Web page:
Mark Davis is expanding his sports empire in Las Vegas, buying the Aces from MGM Resorts International.
The Raiders owner purchased the WNBA team Thursday pending the approval from the league's board of governors.
'I am excited to announce that I have entered into an agreement to purchase the Las Vegas franchise in the WNBA from MGM Resorts International,' Davis said in a statement. 'I will have more to say once I receive official approval from the WNBA Board of Governors and have had a chance to speak with the players, coaches and administrators of the team.'
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The Aces moved to Las Vegas from San Antonio in 2017 and have been successful on the court. Las Vegas had the league's best record last season before losing to Seattle in the WNBA Finals.
Las Vegas has a solid young core of players, including WNBA MVP A'ja Wilson and Sixth Woman of the Year Dearica Hamby.
'Mark Davis has been a huge supporter of the WNBA and women's basketball, and we look forward to learning about his vision for the team during the upcoming league approval process,' WNBA commissioner Cathy Engelbert said in a statement.
While it's unclear how the sale will affect the Aces' day-to-day operations, the Raiders have a working relationship with MGM, which partners with the NFL franchise in several business ventures.
'Mark is a longtime champion of women's basketball and we believe he is the right person to lead the Aces into a new era,' MGM president of entertainment and sports George Kliavkoff said in a statement. 'We will continue our enthusiastic support of the WNBA, NBA and basketball in Las Vegas.'
Davis has immersed himself in the Las Vegas sports scene and regularly attends Aces and Golden Knights games. Davis and the Raiders have been strong supporters of the Aces during their brief time in Las Vegas. The Raiders purchased 1,600 tickets to Aces games in 2019 to distribute to kids.
The Raiders got approval from the NFL to move to Las Vegas in 2017 after attempts to build a new stadium in Oakland were unsuccessful and they were blocked in their attempt to move to Los Angeles.
They arrived in the desert in 2020 and opened their new $2 billion stadium, which looks out at the Mandalay Bay casino, where the Aces play their home games. They also built a $75 million practice facility in nearby Henderson, Nevada.
LAS VEGAS -- AJ Allmendinger raced to the first victory of his comeback season by passing Daniel Hemric on the final restart in the Xfinity Series race Saturday at Las Vegas Motor Speedway.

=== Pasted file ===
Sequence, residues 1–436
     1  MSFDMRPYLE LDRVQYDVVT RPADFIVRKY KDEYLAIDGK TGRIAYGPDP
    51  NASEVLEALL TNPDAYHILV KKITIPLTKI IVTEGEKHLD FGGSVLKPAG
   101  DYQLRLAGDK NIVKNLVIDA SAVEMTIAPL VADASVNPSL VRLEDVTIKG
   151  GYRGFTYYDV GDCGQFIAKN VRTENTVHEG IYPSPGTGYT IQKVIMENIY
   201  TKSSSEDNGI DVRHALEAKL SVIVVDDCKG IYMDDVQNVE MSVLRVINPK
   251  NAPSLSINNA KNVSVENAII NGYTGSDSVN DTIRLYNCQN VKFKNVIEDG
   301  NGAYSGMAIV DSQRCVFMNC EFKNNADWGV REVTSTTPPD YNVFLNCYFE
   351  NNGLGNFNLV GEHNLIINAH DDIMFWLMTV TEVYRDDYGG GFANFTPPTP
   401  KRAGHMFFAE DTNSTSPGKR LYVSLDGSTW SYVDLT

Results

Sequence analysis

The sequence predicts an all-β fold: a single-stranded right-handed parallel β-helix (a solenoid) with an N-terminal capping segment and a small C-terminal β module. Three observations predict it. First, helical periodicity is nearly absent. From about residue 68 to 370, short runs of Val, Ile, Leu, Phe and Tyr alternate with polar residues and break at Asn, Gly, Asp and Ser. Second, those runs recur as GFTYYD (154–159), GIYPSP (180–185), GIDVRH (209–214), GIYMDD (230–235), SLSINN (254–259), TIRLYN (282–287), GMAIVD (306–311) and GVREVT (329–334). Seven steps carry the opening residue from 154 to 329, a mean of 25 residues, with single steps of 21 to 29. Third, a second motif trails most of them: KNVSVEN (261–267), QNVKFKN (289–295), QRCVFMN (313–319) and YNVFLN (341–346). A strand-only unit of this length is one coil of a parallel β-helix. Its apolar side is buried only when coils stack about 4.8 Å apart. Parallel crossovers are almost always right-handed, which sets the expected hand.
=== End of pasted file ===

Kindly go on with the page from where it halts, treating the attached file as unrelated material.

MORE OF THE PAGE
Allmendinger this year agreed to his first full-time season since 2018 in a deal with Kaulig Racing. He's friends with team owner Matt Kaulig and has slowly been lured back into NASCAR as a favor to the team.
He was Kaulig's 'Trophy Hunter' last year in 11 races he was entered solely to win for the team. Kaulig then convinced Allmendinger to run for the Xfinity Series championship while also helping the organization move to Cup next season.
The victory was the sixth in the Xfinity Series for Allmendinger, who retired at the end of the 2018 season rather than drive for an uncompetitive team.
Allmendinger was in tears when he climbed from his winning Chevrolet.
'It's emotional. Hell, you don't know when you are going to do this again,' Allmendinger said. 'You never know if this is the last one. Matt Kaulig, I love you, man.'
Kaulig Racing has eight Xfinity Series victories since its 2016 formation. Four of the wins were by Allmendinger.
Allmendinger said he holds Kaulig in such high regard that he's often ill before races from the pressure to deliver for the team.
'I want to win so bad for Matt every week. It's hard to put into words what he means to me and truly how bad I want to win for him,' Allmendinger said. 'It's the same thing as wanting to win for Roger Penske. It means that much to me that he believes in me. Thank you for this opportunity because I don't take it for granted.'
Which online slots payout the most interest. Allmendinger led 44 laps, including the final 13 after passing Hemric on the restart.
Hemric finished second and led a race-high 74 laps in a Toyota for Joe Gibbs Racing. Brandon Jones, his JGR teammate, was third.
Austin Cindric was fourth in a Ford for Team Penske and Noah Gragson, the Las Vegas native, was fifth in a Chevrolet for JR Motorsports.
Gragson was followed across the finish line by teammates Michael Annett and Josh Berry in three top-10s for JRM. Annett is mourning the unexpected death of his father earlier this week.
IndyCar driver Santino Ferrucci, in his second NASCAR race, finished 13th.
Ty Dillon has had a terrible run through three races with Joe Gibbs Racing. A broken radiator ended his race last week at Homestead and he crashed with 20 laps remaining Saturday when the battery in his spotter's radio died.
Drew Herring was switching over to a new battery and not able to inform Dillon he was not clear to move up a lane when Dillon improperly cut in front of Brett Moffitt. Dillon was additionally penalized two laps when too many crew members went over the wall to fix the damage and Dillon finished 30th.